A heartbreaking photo.

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Holiday wreaths remember Greatest Generation.

Four wreaths of remembrance have been placed at the Battle of Leyte Gulf Memorial near the USS Midway Museum.
Four wreaths of remembrance have been placed at the Battle of Leyte Gulf Memorial, not far from the USS Midway Museum.

I was heading along the Greatest Generation Walk this morning when my eyes were surprised by bright color at the Battle of Leyte Gulf Memorial.

I discovered that four wreaths of remembrance had been recently placed on either side of the bust of Vice Admiral Clifton Sprague. Two were traditional holiday wreaths. It’s now less than two weeks before Christmas.

The image was so striking, and so thought-provoking, I thought I’d share a few photos.

The Battle of Leyte Gulf was a desperate naval battle in the Pacific Ocean theater during World War II. Few who fought there are still living.

Two of the wreaths say We Remember.

The other two offer hope.

We Remember Task Unit 77.4.3
We Remember Task Unit 77.4.3
The bust of Vice Admiral Clifton Sprague, and two holiday wreaths, on The Greatest Generation Walk in San Diego.
The bust of Vice Admiral Clifton Sprague and two colorful holiday wreaths on The Greatest Generation Walk in San Diego.

I live in downtown San Diego and love to walk around with my camera! You can follow Cool San Diego Sights via Facebook or Twitter!

A WWII paratrooper and his 2019 Normandy jump.

Tom Rice smiles after a brief speech at the 2019 Spirit of '45 Celebration at The Veterans Museum at Balboa Park.
Tom Rice smiles after a brief speech at the 2019 Spirit of ’45 Celebration at The Veterans Museum at Balboa Park.

Today I listened to a few words that were spoken by Tom Rice, a 97-year-old member of the Greatest Generation. He spoke during the annual Spirit of ’45 Celebration at The Veterans Museum at Balboa Park. He came up to the podium and told the audience about his experiences.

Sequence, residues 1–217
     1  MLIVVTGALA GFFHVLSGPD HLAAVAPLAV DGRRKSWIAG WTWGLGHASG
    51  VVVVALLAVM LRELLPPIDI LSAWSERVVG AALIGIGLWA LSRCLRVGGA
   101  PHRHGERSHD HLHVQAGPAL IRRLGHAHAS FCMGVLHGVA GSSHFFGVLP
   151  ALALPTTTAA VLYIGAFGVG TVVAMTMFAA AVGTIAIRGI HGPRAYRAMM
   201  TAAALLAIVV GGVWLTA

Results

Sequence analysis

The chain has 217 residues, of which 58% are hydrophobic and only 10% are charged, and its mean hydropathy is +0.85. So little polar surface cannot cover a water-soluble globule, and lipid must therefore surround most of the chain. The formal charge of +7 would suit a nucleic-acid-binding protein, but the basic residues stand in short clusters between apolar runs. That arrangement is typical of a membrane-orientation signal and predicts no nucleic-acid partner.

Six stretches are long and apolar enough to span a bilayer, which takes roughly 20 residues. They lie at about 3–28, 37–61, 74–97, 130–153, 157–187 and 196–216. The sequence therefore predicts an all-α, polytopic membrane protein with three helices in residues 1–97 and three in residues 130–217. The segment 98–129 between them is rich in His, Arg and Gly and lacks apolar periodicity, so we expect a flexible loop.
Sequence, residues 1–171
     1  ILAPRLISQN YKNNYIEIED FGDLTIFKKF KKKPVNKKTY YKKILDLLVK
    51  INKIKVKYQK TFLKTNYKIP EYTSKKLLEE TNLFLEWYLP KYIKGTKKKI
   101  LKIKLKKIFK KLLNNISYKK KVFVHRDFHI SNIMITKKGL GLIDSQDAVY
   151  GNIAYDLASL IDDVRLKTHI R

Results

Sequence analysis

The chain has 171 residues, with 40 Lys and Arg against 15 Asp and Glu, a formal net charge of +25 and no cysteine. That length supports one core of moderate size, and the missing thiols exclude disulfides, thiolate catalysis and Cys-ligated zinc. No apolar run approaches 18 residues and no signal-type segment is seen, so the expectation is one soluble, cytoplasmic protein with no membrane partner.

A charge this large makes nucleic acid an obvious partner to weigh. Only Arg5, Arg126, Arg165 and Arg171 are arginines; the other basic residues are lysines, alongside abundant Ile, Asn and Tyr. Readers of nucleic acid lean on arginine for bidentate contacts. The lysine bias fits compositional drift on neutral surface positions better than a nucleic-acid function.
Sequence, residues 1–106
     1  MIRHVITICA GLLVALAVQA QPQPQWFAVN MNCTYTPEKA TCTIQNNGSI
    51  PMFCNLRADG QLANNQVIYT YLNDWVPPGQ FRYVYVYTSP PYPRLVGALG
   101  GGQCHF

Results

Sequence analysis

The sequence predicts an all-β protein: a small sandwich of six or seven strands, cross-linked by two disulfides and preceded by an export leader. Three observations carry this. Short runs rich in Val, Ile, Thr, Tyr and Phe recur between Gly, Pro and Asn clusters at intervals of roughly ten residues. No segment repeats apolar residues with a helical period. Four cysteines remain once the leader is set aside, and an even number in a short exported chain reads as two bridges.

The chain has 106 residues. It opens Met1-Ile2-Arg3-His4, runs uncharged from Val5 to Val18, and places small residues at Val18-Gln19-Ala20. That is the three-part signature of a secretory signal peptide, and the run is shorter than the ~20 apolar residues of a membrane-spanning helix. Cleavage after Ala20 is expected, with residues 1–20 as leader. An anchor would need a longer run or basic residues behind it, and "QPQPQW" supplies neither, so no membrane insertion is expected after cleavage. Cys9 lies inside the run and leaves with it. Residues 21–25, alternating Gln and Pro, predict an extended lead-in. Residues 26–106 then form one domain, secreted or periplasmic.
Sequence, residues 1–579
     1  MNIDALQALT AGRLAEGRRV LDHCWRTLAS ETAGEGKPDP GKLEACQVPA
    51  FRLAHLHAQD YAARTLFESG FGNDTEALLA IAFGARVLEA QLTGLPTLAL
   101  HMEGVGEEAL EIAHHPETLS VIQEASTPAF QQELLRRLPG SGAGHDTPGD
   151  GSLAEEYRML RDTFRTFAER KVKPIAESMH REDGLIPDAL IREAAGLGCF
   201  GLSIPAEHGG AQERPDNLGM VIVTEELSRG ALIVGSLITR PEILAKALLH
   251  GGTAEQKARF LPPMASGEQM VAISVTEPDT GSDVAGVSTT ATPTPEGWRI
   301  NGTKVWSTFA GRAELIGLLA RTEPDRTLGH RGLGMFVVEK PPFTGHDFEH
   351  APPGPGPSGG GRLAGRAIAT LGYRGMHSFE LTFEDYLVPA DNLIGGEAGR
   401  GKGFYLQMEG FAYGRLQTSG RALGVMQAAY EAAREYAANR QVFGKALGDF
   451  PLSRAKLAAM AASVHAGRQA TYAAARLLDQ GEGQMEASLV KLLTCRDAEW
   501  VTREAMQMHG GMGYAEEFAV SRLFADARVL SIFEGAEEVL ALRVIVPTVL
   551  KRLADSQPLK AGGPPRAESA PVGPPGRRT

In the dark, very early morning of D-Day, 75 years ago, Tom parachuted behind Nazi lines with other brave soldiers of the U.S. Army’s 101st Airborne Division, to pave the way for the invasion and liberation of Europe. In 2019 he parachuted into Normandy again, to honor other World War II veterans, many of whom are no longer with us.

He remembered his deeds with humility.

I learned that a film will soon be released that features Tom Rice’s anniversary jump. Libertas, which is the title of the Normandy Jump 2019 documentary, will be pre-screened on August 17 & 18, 2019, at the Vintage Village Theatre in Coronado, California. After the screening there will be a panel discussion with the film director, producer, and Tom.

Money raised through ticket sales will be used by Honor Flight for their Fall 2019 Tour of Honor, which will send World War II and Korean War veterans to Washington, D.C. so they can see their memorials. There are over 100 San Diego veterans on the waiting list.

Should you pre-order the DVD, use the code “Honor Flight” at check-out and $5 will go to help make the Tour of Honor possible.

To learn how you can buy a ticket for the special pre-screening of Libertas, or if you’d like to order the DVD, please visit this website.

I know some of this blog’s followers are in the local military community. Spread the word!

If you’d like to donate to Honor Flight San Diego, click here!

A look inside the Portuguese Historical Center.

Anyone interested in the rich history of the Portuguese community in San Diego should visit the Portuguese Historical Center in Point Loma. It’s located at 2831 Avenida de Portugal, in a neighborhood that was home to many immigrant fishermen who came from the Azores, Madeira, and the mainland of Portugal, back in the days when tuna fishing was a major industry in our city.

I took a look inside the center yesterday during the San Diego Architectural Foundation’s 2019 OPEN HOUSE SAN DIEGO.

Every corner of the small museum is jam-packed with history. Shelves are brimming with Portuguese cultural artifacts, and there are photos of notable people, places and events. I saw many references to Juan Rodríguez Cabrillo, the Portuguese explorer who discovered San Diego Bay in 1542 on behalf of Spain.

A recently opened exhibit in the Portuguese Historical Center remembers those in the local Portuguese community who have served their country. During World War II, San Diego’s many Tuna Clippers were converted into patrol and supply boats that served the United States military throughout the Pacific Ocean theater. You can learn much more about that fascinating aspect of San Diego history here.

When I visited yesterday, the centerpiece of the museum was a stunning dress worn by the 2018 Festa Queen. The traditional Festa do Espírito Santo is celebrated each year by the community at the nearby U.P.S.E.S. Chapel and community hall. Festa is a Catholic celebration of Pentecost Sunday. During the colorful event a religious procession makes its way several blocks up Avenida de Portugal to St. Agnes Catholic Church.

In front of the Portuguese Historical Center, a shining Tuna Fishing Industry Monument is inscribed with the names of loved ones who’ve become a part of local history. Members of the Portuguese Historical Center also maintain the Tunaman’s Memorial on Shelter Island. You can see photos of that iconic memorial here.

Please enjoy this quick look . . .